A Long Rainy Season

Looking at Women in Japanese Poetry & Short Stories

5.04.2006

Elements

Here's a very chilling poem. I feel that there are many ways to read this tanka, although I am not sure if the poet intended for there to be a "correct way." Does anyone think this calls to mind one of the stories we've read? And why?

Someday
I'll turn to water--
that's when
the blood of my parents
will come to an end.

--Motoko Michiura


I think this is a fun way to get some comments going and see if anyone has remotely the same thought-track about these poems as I do!! If nobody posts in a few days I'll edit this with my thoughts on it!

6 Comments:

At 9:21 PM, Anonymous Bryce said...

I think it might be talking about how when she has children, that she will truly be a woman. Perhaps "water" is a reference to birthing somehow. Maybe in her mind, child birth is a time when a basic change in a woman's person takes place. I don't know...that's my first impression.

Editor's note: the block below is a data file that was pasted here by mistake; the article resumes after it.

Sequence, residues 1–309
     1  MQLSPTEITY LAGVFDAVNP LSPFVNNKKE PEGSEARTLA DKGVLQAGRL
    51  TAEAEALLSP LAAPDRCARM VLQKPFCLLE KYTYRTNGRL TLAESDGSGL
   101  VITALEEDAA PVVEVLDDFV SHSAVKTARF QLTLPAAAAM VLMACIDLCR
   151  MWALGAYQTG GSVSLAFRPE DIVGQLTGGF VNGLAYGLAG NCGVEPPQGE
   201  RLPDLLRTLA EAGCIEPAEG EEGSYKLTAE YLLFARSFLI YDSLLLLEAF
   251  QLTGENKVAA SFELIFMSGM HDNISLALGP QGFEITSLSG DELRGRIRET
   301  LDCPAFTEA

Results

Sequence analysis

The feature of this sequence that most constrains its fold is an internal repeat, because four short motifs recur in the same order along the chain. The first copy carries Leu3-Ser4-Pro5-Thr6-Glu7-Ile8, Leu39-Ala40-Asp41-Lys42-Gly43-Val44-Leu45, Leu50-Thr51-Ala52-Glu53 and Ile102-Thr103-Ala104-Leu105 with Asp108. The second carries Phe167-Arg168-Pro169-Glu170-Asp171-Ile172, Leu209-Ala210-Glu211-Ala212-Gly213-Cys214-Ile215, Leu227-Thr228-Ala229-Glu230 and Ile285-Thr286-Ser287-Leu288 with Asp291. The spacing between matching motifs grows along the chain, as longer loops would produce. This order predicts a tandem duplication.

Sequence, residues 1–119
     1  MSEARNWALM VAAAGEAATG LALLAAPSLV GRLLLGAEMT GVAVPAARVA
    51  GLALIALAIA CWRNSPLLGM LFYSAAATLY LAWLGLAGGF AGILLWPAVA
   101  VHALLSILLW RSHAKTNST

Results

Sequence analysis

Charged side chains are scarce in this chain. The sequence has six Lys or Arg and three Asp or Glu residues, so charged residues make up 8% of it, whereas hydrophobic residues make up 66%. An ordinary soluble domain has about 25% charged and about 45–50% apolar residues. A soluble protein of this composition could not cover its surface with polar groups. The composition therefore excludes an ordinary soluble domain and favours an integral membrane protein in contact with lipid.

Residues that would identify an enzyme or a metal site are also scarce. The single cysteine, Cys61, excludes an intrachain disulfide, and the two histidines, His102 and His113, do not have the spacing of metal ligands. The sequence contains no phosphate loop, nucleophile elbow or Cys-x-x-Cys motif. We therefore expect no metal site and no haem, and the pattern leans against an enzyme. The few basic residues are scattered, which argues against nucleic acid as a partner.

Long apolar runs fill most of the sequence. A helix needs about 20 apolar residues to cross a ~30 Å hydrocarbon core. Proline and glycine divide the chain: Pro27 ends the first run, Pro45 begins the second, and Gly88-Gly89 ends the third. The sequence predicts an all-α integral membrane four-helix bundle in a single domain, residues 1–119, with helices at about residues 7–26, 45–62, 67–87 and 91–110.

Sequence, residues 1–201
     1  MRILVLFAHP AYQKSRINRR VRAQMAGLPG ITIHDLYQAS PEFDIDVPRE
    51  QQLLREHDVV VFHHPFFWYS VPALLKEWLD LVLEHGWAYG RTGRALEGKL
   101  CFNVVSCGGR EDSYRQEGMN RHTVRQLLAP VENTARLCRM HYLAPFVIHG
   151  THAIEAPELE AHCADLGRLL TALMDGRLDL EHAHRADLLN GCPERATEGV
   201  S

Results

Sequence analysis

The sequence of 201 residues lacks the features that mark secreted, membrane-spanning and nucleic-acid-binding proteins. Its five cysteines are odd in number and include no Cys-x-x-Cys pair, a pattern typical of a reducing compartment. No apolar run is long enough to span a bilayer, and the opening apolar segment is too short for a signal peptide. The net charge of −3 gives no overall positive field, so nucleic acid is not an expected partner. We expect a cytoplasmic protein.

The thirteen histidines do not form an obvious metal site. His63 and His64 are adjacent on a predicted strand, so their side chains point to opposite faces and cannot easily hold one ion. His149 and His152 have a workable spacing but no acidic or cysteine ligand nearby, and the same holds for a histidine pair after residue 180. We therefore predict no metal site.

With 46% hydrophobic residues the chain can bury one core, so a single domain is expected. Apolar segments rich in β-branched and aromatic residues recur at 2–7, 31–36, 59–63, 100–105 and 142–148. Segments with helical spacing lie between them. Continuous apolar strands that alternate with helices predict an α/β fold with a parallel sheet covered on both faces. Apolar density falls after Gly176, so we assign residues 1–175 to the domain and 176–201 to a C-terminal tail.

At 7:19 AM, Anonymous Ava said...

This is one of those poems that can be interpreted in two directions: forward or backward. Birth to death, death to birth. Or, it could be circular...

Perhaps the poet has a paralyzing phobia of water, or has had a vision of drowning.

 
At 11:55 PM, Anonymous Andy said...

I think you are right about the themes of the class with this poem Roxy. It reminds me of the inheritability of the parental problems to their children. I also think it has a definite quality to it like impermanence. Something you've already mentioned on your blog earlier, as well as it was mentioned in class.

 
At 1:34 AM, Blogger adrienne said...

Oh yeah - Tsushima Yuko and her dad, Nakagami Kenji, Kôno Taeko's "Snow," and probably danged near everything we read. Maybe "Chino" even if we extend parents to national/racial identity.

I'll vote for "Snow" though.

Andy's right.

 
At 1:56 PM, Anonymous Anonymous said...

What a great site »

 
At 4:03 PM, Anonymous Anonymous said...

To me this means about connection. The blood connection with her parents. When they die she will be an orphan and her tie to her ancestors will be like water. She could also be saying that the line will end with her as she has or plans not to have any children.

 

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